Lee Ridley AKA Lost Voice Guy can’t talk but isn’t silent. He is (probably) the first stand up comedian to use a communication aid.
He won the BBC New Comedy Award 2014 and has been commissioned to write a sitcom for BBC Radio 4, which is titled ‘Ability’. This is due to be broadcast in 2018. You can listen to the pilot episode on his radio showreel.
Since making his first stand up performance in February 2012, Ridley has already gained quite a reputation for being both very funny and very unique. He has been described as “a wonderful comedian” by Little Britain’s Matt Lucas and has warmed up for the likes of Ross Noble, Patrick Kielty, Jason Manford and Jason Cook.
He has gigged all over the UK at places like The Stand, Manford’s Comedy Club. In 2013, he took his first ever solo show to the Edinburgh Festival Fringe and has performed a show there every year since.
He has also acted and appeared on many television and radio programmes including BBC One’s The One Show, The One Show’s Edinburgh showcase, and Scot Squad. Watch these on his showreel page. You can also listen to his radio appearances on Soundcloud.
He has told jokes/given motivational speeches for a range of charities and other similar organisations including Barclays, Scope, Motability, Communication Matters, Find A Voice, the Royal College of Nurses, Percy Hedley School and the Royal College of Speech and Language Therapists.
Find out about the man behind Lost Voice Guy – Lee Ridley
To get in touch, go to his contact page.
He also likes talking in the third person….
“a brilliant natural comedian” Edinburgh Evening News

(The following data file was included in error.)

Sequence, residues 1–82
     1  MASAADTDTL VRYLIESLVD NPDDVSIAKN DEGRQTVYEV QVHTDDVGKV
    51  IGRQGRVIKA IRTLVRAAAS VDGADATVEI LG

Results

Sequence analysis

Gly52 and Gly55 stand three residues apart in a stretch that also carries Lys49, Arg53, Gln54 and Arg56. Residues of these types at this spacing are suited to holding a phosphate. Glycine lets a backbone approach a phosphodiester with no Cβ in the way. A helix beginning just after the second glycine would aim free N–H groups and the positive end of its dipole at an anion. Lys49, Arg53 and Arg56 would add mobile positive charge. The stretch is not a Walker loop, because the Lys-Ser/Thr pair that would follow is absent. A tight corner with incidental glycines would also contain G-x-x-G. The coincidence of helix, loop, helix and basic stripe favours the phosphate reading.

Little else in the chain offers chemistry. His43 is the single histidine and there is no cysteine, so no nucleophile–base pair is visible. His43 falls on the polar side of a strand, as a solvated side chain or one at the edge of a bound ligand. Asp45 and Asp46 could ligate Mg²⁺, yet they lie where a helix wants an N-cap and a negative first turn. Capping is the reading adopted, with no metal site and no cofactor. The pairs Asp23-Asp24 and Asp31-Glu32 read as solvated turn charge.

Paul has since had a consecutive succession of sell out shows at The Glasgow Comedy Festival and joined esteemed popular comedy-improv group Dance Monkey Boy, Dance! (also featuring Raymond Mearns), and has helped with the development of the group. In 2006 ‘The Boys’ caught the attention of BBC Radio who recorded the show at the Glasgow Comedy Festival and since then, Dance Monkey Boy, Dance! have gone on to work under the watchful eye of the BBC to develop regular radio shows.
“…a most impressive physical comedian…” Chortle
“…a hilarious rubber faced clown…” The Scotsman
“Fizzing with energy and spewing out one-liners like he had just scoffed a dodgy prawn, Pirie is a man we will be seeing more of” Daily Record
“…inherently funny Paul Pirie…” Edinburgh Guide
Australian Brendon Burns has been performing comedy since the early Nineties and is known for his aggressive stage presence and controversial material.
He briefly hosted the 11 O’Clock Show and even more briefly the ITV2 spin-off show I’m A Celebrity, Get Me Out Of Here Now!, walking off after just three shows.
However it is live – and especially in his solo shows – where he has forged a reputation, with six live CDs to his name. He first appeared at the Edinburgh Fringe in 1996, hosting the Comedy Zone showcase of new acts, and performing in his debut solo show 6pm Time To Get Up For Work. He has returned to the Fringe every year since, except for 1999, and in 2007 won its top prize, the if.comedy award.
Conspiracy theorist and slacker Elliot Steel has grown up a lot in the last year. After receiving a dreaded text twenty-year-old Elliot Steel had to reconsider his whole view on life, why being a millennial makes him disadvantaged for adulthood and what legacy he’ll be leaving for the generation below him. Join the rising star for his hilarious views on growing up, before the Illuminati murder him and make it look like an accident. As seen on Comedy Central and as heard on BBC Radio 1 and BBC Radio 4.
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